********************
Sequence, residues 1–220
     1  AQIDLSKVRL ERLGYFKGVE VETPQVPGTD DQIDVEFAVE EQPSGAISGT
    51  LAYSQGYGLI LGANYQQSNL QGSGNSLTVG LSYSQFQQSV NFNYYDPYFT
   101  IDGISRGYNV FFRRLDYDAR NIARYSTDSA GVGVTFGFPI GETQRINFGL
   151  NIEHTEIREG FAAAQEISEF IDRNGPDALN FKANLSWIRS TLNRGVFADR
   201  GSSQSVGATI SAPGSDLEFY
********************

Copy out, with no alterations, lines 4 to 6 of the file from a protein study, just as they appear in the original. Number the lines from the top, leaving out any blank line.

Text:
   101  IDGISRGYNV FFRRLDYDAR NIARYSTDSA GVGVTFGFPI GETQRINFGL
   151  NIEHTEIREG FAAAQEISEF IDRNGPDALN FKANLSWIRS TLNRGVFADR
   201  GSSQSVGATI SAPGSDLEFY